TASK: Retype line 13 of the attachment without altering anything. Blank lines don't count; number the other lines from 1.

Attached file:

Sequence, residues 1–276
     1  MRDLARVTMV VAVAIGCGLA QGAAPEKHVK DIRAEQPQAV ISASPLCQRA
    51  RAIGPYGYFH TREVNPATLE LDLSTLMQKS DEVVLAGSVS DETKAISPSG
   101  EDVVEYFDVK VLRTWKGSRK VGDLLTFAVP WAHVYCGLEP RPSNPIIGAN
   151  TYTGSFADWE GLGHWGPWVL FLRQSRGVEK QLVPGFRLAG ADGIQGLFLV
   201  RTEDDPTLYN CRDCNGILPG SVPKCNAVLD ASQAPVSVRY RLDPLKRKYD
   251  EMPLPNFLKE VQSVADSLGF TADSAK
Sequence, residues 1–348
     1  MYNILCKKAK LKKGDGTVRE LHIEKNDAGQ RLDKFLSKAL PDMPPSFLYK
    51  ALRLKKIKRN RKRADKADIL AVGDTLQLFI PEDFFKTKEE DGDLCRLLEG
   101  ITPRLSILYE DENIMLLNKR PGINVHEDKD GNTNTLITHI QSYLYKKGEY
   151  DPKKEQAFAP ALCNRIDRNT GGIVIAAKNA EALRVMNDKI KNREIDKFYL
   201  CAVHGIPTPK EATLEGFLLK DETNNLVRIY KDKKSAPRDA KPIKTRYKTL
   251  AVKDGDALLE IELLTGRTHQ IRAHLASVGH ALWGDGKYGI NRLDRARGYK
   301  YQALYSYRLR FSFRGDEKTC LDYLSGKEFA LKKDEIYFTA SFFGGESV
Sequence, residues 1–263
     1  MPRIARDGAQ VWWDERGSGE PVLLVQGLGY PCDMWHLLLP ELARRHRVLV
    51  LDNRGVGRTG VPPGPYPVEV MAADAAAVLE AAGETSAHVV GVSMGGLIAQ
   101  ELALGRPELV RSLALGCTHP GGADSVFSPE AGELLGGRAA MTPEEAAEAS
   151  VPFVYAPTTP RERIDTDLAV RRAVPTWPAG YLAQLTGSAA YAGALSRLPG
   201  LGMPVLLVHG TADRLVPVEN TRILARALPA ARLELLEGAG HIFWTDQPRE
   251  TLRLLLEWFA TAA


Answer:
   201  CAVHGIPTPK EATLEGFLLK DETNNLVRIY KDKKSAPRDA KPIKTRYKTL